PF may have replaced it, but it's not entirely clear. IIRC, we have data for one section of the market, not all sales. This also happened as 4E was winding down and starting work on the next version.

It would be a simpler hypothesis to say that D&D 3.x was and is really popular and that the OGL makes it harder to force your fanbase to your next version, since another company can try to keep them.

True, but... 4E dominated the market by default in the absence of a 3.5 D&D or any other significant competitor. Pathfinder came later and had to play "catch up". It's also true that we have only partial data (hobby sales). We do not have figures on DDI for WotC or PDF sales data for Paizo.

Paizo and Pathfinder seem to be doing very well. The market, while it might have grown a bit, has not undergone a major expansion. Pathfinder's success had to come at 4Es expence.

Having the D&D Next playtest I can tell you it reaches back into older versions of D&D (imo). WotC is, apparently, planning on resuming PDF sales of older versions of D&D (or so the word is) as well as printing collectors editions of them. 4E seems to be shuffling off the stage a bit early as well. None of WotCs recent moves seem to be shouting approval of 4Es performance. Through a series of mistakes they alientated a large part of their player base and lost a dominant position in the hobby. It will be interesting to see how DDN does and what the licensing system will be like.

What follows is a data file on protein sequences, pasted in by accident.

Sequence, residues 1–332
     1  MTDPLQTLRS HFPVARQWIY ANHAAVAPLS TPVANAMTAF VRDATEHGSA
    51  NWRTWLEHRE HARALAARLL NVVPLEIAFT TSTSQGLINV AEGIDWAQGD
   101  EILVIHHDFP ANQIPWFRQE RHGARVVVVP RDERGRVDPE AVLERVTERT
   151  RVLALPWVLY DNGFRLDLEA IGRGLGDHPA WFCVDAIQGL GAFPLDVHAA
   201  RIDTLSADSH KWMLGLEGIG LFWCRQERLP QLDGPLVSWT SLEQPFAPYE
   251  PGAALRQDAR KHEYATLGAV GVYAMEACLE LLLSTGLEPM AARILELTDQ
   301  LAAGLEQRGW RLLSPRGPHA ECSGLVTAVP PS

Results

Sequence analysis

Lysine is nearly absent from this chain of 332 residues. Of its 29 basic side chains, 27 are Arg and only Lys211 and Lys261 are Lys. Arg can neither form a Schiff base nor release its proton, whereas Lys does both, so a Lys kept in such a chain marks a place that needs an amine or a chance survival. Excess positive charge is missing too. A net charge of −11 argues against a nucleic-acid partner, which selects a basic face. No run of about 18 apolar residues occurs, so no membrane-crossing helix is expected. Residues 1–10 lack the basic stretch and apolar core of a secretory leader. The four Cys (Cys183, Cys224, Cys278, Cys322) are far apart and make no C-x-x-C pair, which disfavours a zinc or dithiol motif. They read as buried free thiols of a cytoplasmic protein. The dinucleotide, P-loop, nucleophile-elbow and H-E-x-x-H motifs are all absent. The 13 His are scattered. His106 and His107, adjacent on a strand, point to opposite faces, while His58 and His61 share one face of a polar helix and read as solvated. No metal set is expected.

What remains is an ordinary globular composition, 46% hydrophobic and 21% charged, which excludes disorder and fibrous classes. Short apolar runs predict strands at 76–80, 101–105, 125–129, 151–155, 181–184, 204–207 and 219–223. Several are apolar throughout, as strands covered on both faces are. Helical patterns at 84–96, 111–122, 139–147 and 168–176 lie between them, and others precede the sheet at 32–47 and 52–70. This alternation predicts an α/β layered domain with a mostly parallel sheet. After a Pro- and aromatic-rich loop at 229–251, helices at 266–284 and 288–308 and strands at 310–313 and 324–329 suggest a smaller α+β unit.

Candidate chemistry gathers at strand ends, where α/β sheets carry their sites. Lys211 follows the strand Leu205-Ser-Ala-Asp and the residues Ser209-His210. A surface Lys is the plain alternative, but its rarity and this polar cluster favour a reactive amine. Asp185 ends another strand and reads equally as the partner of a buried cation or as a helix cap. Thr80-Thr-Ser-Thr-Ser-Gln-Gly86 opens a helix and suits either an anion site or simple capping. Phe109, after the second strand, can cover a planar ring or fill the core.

R_Chance wrote:
Hitdice wrote:
Kthulhu wrote:
bugleyman wrote:
...but not relevant to the argument that, in order to succeed in the current fantasy RPG market, OGL compliance is a necessary (though not sufficient) condition.
I dunno about that. Why should fantasy RPGs play by different rules? Lets look at a couple of other genres...scifi and horror. The two biggest RPGs in scifi have arguably been Traveller and the Warhammer 40K games. Neither of which use the OGL. For horror we have the World of Darkness and Call of Cthulhu...again, no OGL in sight.

Mongoose Traveller is published under the OGL. It's about as close to the game I think of as Traveller as D20 is to B/X D&D, but it has its own SRD.

It's also worth considering that, going by the playtest packets thus far, you'll be able to publish D&DNext compliant stat blocks under the OGL, whether or not you're allowed to use the name Dungeons and Dragons and various WotC intellectual properties.

Reading down the new posts on this thread I came across Kthhulu's post and thought "Mongoose" right away. It's a bit different but it's still recognizably Traveller. It has support from several companies as a result of the OGL. And it is supposed to be compatible with T5 from Marc Miller, the core book of which should be hitting my doorstep in about a month :)